Russia has several new and powerful icebreakers under construction, but will continue to sail the current fleet of nuclear icebreakers in Murmansk for five to 10 years longer than originally planned to meet demand for shipping along the Northern Sea Route.
Last year, President Vladimir Putin signed a decree ordering an annual cargo goal of 80 million tons annually from 2024.
Speaking at a breakout session during Arctic Frontiers conference in Tromsø earlier this winter, Director of Russia’s Northern Sea Route Directorate, Vyacheslav Ruksha, outlined how the country’s fleet of icebreakers will increase from currently four to 13 vessels by the year 2035 to ensure cargo volume growth and year-round navigation along the Northern Sea Route.
New icebreakers sailing up includes the three LK-60 dual reactor powered vessels currently under construction at the Baltisky Yard in St. Petersburg. According to Ruksha, construction of two more of the same class will start later this year aimed at commissioning by 2024 and 2025.
Last week, Barents Observer reported about the Russian government giving go-ahead to the giant Lider-class nuclear icebreakers. The ships will be twice as powerful as the LK-60 class and is said to be able to crush ice up to four meters with a beam wide enough to open the eastern route from the Yamal Peninsula towards the Pacific for the growing fleet of LNG tankers for year-around shipping.
Ruksha could tell that due to the fast growth in Arctic shipping, the state-operated company Rosatomflot, operating the fleet of icebreakers, now are working with regulators to allow for a lifetime prolongation of the existing four nuclear-powered icebreakers.
The vessels are Taimyr, Vaigach, Yamal and 50 Let Pobedy. The newest of them, 50 Let Pobedy, still have a long-lasting original operation life with no hurry to plan for prolongation, while the others are soon at their end of scheduled operations.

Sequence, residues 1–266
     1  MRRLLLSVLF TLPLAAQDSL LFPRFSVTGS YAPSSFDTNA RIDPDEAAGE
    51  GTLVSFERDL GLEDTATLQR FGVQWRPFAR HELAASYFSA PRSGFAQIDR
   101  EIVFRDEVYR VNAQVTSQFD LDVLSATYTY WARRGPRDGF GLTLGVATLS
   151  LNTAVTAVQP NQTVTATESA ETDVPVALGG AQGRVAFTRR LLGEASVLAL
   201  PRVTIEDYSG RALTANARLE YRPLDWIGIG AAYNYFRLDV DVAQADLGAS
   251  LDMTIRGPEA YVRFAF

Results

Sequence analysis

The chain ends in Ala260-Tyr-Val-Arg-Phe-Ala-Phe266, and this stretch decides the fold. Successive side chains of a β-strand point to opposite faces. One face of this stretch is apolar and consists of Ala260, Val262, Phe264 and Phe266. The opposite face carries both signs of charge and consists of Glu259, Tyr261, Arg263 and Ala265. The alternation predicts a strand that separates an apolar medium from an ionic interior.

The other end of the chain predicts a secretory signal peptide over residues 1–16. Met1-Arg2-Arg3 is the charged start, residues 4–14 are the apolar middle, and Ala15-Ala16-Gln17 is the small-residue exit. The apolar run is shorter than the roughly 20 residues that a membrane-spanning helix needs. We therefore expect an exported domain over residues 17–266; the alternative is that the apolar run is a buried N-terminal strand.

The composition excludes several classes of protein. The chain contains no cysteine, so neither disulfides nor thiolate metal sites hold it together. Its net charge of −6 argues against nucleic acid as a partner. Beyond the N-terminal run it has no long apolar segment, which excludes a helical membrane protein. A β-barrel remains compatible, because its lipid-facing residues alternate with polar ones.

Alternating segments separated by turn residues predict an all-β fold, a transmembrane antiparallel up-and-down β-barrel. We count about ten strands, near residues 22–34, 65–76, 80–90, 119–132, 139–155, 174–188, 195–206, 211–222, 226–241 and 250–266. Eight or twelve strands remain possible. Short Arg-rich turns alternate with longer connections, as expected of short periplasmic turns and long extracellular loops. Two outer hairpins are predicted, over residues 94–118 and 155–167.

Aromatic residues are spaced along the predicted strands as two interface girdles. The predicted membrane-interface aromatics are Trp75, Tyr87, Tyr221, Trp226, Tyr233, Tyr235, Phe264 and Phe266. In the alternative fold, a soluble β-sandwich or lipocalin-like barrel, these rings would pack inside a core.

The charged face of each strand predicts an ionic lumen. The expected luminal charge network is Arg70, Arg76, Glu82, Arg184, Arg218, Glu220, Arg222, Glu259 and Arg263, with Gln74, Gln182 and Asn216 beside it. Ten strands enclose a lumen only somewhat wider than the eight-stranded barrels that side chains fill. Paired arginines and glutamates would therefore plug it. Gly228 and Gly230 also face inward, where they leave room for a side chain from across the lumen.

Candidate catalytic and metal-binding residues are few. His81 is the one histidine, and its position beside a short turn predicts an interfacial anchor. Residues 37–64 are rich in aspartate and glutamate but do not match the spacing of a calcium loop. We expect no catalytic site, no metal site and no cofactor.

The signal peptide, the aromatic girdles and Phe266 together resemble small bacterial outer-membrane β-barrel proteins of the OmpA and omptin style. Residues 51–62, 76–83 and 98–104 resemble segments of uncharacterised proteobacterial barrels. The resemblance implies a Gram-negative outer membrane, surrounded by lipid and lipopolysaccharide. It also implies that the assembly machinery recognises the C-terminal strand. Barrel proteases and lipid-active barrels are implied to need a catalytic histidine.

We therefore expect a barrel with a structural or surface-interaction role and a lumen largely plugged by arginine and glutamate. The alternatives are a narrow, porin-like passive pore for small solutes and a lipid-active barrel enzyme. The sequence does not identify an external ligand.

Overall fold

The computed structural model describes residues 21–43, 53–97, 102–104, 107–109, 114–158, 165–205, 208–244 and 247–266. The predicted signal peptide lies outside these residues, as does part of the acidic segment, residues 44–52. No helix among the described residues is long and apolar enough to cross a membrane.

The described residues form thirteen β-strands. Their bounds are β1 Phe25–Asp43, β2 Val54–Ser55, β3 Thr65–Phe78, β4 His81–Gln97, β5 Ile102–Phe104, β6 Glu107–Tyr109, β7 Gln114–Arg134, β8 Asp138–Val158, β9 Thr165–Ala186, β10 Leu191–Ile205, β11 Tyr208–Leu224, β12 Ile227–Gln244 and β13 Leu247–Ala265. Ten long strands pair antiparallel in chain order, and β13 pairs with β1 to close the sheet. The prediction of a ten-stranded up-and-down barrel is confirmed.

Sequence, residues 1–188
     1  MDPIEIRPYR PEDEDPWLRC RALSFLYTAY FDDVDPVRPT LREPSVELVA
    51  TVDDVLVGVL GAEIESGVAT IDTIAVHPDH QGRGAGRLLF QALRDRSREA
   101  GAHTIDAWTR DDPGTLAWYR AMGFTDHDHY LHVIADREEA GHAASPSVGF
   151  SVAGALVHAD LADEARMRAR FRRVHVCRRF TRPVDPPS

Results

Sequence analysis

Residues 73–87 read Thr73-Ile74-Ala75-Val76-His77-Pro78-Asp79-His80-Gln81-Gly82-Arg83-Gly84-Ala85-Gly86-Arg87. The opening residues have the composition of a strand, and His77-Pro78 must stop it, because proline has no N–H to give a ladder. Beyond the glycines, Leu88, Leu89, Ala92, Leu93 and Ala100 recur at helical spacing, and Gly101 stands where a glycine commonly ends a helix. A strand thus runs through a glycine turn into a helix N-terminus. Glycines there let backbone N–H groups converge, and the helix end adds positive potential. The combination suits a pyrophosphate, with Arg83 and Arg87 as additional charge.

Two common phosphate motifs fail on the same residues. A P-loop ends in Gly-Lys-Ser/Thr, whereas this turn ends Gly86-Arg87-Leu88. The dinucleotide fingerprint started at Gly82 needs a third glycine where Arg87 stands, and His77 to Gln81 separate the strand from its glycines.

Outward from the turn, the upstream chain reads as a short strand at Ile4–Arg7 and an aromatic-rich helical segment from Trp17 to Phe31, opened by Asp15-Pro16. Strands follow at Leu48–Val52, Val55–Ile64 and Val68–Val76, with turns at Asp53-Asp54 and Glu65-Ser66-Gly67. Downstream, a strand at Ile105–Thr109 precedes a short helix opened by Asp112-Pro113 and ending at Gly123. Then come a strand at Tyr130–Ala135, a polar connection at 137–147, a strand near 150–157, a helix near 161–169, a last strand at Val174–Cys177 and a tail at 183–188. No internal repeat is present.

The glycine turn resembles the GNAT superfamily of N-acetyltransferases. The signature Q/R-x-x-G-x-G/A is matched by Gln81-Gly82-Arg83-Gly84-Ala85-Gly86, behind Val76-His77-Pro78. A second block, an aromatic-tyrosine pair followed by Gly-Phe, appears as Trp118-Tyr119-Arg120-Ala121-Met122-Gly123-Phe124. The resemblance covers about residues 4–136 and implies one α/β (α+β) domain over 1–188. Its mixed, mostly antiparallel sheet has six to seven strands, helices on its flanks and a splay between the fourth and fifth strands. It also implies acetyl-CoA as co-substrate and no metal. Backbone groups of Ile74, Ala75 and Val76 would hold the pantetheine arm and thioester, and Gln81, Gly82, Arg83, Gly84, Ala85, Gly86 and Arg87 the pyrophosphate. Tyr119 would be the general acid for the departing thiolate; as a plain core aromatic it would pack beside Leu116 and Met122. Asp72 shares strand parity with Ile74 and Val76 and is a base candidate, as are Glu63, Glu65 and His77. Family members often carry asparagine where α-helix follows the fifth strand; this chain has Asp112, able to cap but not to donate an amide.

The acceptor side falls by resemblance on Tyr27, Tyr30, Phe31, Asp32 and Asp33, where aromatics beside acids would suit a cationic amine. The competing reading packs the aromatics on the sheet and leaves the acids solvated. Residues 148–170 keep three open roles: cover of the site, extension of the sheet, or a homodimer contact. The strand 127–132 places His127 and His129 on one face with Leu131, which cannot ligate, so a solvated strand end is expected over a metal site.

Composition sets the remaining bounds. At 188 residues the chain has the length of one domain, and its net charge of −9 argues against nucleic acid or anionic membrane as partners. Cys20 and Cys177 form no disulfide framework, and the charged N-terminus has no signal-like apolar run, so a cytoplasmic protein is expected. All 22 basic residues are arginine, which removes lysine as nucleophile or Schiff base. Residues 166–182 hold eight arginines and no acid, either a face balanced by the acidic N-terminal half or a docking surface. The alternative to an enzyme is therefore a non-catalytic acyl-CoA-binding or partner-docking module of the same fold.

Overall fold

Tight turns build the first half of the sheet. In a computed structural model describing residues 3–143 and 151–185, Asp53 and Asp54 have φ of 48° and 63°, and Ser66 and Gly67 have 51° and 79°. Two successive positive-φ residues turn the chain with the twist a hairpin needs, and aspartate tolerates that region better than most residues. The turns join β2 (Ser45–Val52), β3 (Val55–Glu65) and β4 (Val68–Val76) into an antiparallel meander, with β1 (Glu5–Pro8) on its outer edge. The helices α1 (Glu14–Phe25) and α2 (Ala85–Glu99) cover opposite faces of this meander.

Taimyr and Vaigach are shallow-water icebreakers assisting shipping in the Kara Sea and to the port of Dudinka on the Yenisei River. Yamal and 50 Let Pobedy are of the Arktika-class and can crush the ice towards the Bering Strait. The two have also sailed to the North Pole with tourists during summer periods.
Commissioned in 1989 and 1990, Taimyr and Vaigach were originally supposed to be taken out of operation by 2021. Now, according to the Rosatomflot director, their lifetime will be prolonged to 260,000 operation hours, meaning they will continue to sail until 2025 and 2027.
For Yamal the lifetime prolongation with 200,000 hours means the icebreaker could sail until 2028. Details for the 50 Let Pobedy is not yet on the table, but likely the vessel could be given permission to sail until 2039.
The safety and state of the reactor(s) are the most important factors when authorizing licenses for more years to sail in the harsh Arctic conditions.
Although China plans for its first nuclear-powered icebreaker, no countries other than Russia have sailed nuclear surface vessels in ice-covered Arctic waters. 2019 marks the 60-year anniversary of the first nuclear-powered icebreaker entering service. Clearing sea routes along the Soviet Union’s northern coast from 1959 to 1989, Lenin pioneered icebreaking capabilities. Today, the vessel serves as a museum in the central harbor of Murmansk.
Next summer, the first new icebreaker of the LK-60 class, named Arktika will make port call to Murmansk and operation in the ice is expected to later in 2020.
In the following two years, also Sibir and Ural will start sailings.
Arktika was this week moved from one berth at the Baltisky Yard in St. Petersburg to the plant’s final embarkment where nuclear fuel will be loaded into the reactors, the yard informs at its portal.